- The Washington Times - Sunday, May 3, 2009

Jim Caron spent 10 months on a federal jury in Washington in 2007 that voted to acquit a D.C. man accused of racketeering, murder and dozens of other charges, convicting him solely on a $600 drug deal.

Months after the verdict, Mr. Caron learned prosecutors still wanted to send the defendant, Antwuan Ball, to prison for 40 years. “He was furious, he was absolutely furious,” recalled Mr. Caron’s wife, Mary Brennan. “He told me, ‘I’m going to write a letter to the judge.’”

Signing his letter “Juror No. 6,” Mr. Caron wrote, “It seems to me a tragedy that one is asked to serve on a jury, serves, but then finds their work may not be given the credit it deserves.” Mr. Caron, 60, died unexpectedly a few weeks later from an apparent heart-related illness, but his letter has found a life of its own.

Quoting a person they know only as “Juror No. 6,” a handful of senior federal appeals judges and attorneys across the country are citing Mr. Caron’s letter - including in a recent brief sent to the U.S. Supreme Court - in railing against a little-known practice called acquitted conduct sentencing.

The policy lets federal judges mete out tougher sentences based on what lawyers call “acquitted conduct,” or the criminal charges for which a defendant has been acquitted in court.

Read Jim Caron’s letter by clicking here.

Gilbert S. Merritt Jr., senior judge on the 6th Circuit U.S. Court of Appeals, recently quoted Juror No. 6 in a dissenting opinion he filed with five other judges in a case in Kentucky.

“The juror’s reaction is the same, I believe, as the reaction that the drafters of the Declaration of Independence, the Constitution and the Sentencing Reform Act of 1984 …” the judge wrote of Mr. Caron.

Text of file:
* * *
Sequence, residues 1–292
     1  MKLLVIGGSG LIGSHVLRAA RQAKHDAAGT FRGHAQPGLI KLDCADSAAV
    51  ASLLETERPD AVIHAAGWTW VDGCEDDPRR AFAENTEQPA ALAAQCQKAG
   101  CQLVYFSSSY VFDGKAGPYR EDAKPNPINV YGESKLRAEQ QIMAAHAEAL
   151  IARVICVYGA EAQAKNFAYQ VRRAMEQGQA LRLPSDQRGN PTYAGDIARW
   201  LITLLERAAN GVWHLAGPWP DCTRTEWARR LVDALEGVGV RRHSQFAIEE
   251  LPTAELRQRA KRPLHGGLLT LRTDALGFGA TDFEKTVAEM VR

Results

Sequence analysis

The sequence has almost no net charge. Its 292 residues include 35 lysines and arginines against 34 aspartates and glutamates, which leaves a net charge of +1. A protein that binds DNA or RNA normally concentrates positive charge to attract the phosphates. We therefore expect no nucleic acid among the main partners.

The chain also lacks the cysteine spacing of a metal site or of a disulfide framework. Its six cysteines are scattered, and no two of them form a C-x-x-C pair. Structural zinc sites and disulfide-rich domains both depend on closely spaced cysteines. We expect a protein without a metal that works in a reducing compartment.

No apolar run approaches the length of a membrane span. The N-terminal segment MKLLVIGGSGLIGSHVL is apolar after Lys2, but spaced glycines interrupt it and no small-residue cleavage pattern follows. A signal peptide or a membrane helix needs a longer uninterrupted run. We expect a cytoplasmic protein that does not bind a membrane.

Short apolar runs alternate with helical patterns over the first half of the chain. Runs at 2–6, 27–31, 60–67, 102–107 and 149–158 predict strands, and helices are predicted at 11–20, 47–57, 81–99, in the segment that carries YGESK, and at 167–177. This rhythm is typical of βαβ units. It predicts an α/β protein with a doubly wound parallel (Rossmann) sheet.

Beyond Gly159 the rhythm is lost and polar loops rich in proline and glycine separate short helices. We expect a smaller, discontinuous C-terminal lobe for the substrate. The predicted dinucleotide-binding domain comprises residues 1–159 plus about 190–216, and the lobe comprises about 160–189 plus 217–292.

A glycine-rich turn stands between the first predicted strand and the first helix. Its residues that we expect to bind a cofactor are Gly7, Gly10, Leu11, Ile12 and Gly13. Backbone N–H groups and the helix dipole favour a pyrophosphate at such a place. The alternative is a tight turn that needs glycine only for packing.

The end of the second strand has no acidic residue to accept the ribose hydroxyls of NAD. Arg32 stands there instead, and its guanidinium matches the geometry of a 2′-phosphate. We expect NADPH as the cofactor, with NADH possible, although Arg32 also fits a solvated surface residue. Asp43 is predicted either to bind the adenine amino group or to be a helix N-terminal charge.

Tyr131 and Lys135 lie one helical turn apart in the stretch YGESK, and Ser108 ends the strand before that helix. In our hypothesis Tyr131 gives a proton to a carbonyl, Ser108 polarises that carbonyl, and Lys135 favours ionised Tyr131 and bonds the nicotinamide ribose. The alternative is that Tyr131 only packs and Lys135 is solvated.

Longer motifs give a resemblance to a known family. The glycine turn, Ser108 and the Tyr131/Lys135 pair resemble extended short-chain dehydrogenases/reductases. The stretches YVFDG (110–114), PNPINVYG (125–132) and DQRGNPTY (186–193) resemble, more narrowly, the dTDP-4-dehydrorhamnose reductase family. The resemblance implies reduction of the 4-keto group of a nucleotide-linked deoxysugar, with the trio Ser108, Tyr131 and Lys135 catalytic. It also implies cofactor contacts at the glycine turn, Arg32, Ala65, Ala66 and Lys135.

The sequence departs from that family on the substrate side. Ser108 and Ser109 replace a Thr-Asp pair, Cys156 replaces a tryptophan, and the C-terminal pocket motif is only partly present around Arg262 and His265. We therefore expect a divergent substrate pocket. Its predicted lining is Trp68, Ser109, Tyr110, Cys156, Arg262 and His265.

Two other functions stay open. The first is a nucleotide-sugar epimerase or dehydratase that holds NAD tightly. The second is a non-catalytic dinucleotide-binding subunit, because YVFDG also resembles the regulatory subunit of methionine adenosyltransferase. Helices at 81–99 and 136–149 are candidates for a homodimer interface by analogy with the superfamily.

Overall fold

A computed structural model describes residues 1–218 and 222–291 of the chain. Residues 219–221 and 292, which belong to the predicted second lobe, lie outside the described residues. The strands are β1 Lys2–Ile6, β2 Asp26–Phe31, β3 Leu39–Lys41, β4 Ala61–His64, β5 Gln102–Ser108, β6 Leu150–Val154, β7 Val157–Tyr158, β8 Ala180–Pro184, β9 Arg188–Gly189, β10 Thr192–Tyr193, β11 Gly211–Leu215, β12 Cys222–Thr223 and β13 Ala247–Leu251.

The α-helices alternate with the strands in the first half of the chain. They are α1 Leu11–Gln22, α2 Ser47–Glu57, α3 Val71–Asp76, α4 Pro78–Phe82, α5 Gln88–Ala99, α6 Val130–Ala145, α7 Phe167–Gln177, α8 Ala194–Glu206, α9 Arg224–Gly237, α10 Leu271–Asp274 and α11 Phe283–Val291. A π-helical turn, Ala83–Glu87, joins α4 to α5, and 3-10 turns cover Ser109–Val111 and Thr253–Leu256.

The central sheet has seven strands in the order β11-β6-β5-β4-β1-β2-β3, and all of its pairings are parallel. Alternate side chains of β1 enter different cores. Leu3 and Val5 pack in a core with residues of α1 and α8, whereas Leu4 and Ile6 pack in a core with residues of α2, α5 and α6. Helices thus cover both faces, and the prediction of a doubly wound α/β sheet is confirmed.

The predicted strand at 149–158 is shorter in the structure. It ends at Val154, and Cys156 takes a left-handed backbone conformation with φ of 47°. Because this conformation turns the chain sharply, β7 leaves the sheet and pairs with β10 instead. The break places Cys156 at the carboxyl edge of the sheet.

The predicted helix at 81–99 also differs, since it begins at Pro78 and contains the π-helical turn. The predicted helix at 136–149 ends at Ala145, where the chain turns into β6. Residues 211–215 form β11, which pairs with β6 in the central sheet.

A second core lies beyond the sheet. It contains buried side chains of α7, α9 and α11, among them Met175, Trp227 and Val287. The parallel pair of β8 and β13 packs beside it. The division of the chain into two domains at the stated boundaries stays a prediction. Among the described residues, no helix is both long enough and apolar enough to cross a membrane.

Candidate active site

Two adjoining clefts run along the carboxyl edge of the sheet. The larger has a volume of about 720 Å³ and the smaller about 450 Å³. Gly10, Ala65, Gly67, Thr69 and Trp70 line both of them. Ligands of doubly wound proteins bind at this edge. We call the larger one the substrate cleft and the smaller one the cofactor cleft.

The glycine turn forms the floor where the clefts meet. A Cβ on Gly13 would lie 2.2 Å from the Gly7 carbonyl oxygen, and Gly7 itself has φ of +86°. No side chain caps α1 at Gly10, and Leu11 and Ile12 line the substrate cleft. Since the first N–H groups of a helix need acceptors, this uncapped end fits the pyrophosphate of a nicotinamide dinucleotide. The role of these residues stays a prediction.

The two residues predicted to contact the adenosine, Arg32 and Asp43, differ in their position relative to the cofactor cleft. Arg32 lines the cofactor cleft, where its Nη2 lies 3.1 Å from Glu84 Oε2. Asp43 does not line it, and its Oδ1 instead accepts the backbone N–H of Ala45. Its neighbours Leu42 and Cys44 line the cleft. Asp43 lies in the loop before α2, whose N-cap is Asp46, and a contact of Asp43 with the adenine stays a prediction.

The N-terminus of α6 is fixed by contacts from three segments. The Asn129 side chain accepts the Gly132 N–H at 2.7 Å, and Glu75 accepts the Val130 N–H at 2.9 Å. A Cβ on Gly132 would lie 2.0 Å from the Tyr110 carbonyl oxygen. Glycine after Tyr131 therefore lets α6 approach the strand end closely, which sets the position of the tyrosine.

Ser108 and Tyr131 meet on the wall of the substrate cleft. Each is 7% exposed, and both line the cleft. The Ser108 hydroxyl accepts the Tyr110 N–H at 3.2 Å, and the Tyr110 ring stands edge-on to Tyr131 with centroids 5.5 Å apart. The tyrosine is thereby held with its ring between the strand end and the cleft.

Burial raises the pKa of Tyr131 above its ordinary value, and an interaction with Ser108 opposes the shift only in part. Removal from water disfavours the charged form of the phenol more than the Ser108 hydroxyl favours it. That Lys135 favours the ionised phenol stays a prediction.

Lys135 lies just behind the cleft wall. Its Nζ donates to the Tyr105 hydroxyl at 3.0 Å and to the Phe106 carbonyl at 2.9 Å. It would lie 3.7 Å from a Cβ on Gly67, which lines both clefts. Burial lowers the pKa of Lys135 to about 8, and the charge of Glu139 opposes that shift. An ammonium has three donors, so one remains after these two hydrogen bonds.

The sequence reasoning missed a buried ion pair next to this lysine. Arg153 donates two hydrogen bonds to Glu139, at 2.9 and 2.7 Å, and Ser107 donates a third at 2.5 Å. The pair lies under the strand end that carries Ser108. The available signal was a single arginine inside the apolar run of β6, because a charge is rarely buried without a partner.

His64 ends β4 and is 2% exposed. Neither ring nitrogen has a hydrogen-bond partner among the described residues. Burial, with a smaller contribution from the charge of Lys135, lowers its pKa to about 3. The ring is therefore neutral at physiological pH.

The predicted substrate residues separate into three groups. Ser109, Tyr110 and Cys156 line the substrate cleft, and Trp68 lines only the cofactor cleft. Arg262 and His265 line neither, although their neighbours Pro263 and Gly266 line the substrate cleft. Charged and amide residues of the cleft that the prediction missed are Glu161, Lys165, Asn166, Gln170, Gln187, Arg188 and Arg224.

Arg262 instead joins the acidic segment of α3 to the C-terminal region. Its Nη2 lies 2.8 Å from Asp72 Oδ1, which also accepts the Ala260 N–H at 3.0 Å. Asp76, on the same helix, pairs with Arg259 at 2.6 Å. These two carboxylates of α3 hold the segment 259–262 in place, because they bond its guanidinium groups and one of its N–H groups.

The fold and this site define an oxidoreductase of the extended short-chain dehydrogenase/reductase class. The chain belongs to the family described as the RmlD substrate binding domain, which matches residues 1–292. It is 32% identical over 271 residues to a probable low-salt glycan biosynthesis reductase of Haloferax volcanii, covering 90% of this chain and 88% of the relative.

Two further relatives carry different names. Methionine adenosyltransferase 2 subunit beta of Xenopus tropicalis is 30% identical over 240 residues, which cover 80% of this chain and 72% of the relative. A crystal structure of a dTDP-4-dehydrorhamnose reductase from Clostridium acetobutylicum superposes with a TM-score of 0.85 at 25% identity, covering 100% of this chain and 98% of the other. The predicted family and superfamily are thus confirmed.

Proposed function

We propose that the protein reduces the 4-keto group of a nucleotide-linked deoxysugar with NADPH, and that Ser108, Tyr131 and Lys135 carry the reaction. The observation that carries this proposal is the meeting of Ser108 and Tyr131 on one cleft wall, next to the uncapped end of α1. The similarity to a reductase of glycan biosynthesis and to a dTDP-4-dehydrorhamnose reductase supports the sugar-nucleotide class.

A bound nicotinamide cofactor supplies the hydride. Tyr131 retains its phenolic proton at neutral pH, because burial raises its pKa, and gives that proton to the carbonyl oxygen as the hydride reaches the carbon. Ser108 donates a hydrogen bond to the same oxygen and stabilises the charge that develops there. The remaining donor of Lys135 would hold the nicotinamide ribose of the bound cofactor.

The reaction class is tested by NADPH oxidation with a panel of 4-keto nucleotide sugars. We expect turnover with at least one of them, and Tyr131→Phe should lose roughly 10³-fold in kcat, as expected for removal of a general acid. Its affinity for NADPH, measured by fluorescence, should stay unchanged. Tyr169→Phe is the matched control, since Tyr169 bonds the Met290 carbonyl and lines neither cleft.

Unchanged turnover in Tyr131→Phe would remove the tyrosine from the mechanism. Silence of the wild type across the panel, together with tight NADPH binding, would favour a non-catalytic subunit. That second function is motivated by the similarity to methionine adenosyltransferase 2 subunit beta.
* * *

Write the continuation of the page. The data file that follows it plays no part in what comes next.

“It undermines public respect for the law when a judge overrides a jury acquittal,” Judge Merritt said in a phone interview. “And this letter that this fellow wrote is a good example of why.”

Not everyone agrees. Many judges hold that acquitted conduct sentencing is widely accepted and note the policy has been upheld by the courts. Indeed, they point out that judges can take all sorts of conduct into account when sentencing a defendant, just so long as the sentence falls within the minimum and maximum terms allowed under the law.

The question at the heart of the debate about acquitted conduct is whether a defendant should get a longer sentence based on charges on which the jury didn’t convict him.

While Ball’s attorneys say he should be released within a few years under federal sentencing guidelines, prosecutors point out those guidelines are advisory, not mandatory. They say the maximum sentence for Ball’s crime is 40 years in prison. His sentencing is pending.

Either way, Mr. Caron’s letter has captured the attention of judges and lawyers alike. Ms. Brennan said her husband would have “gotten a kick” out of the attention, though he never would have imagined his letter would be commented upon by federal judges in other parts of the country. She said he wrote it simply because he was upset.

“That was Jim,” she said.

Unique perspective

Mr. Caron brought a unique perspective about life in the nation’s capital into the jury box. He knew both sides: the “official Washington” with its government buildings and tourist attractions, as well as the city neighborhoods hit hard by drug dealing and violence.

For more than two decades, Mr. Caron worked as an economist in downtown Washington at the U.S. Department of Agriculture. He helped figure out the logistics of getting U.S. food aid to foreign countries.

He also saw another side of the nation’s capital. In 1979, he bought a home within blocks of where Rayful Edmond III - perhaps the most notorious drug dealer in city history - operated in the Northeast section of Washington.

“The first time I came over we were making spaghetti and I heard these pop, pop, pop sounds outside,” Ms. Brennan recalled. “I said, ‘How strange that people are setting off fireworks.’

“He said, ‘Yeah, that’s right, sure, they’re fireworks.’ ”

In fact, the sounds of gunshots became routine in parts of the District in the mid-1980s, when crack cocaine spawned unprecedented gang violence. On a few occasions, Mr. Caron’s front windows were hit by stray bullets. He was robbed twice. Police investigated a murder that happened near the couple’s front yard.

After the Ball trial, he told his wife about a particularly testy moment in deliberations. Another juror dismissed something he said, telling him he was just a white man from Capitol Hill.

“He could have said something but he let it go,” she said.

There were other things he would not let go.

“Can this be true?”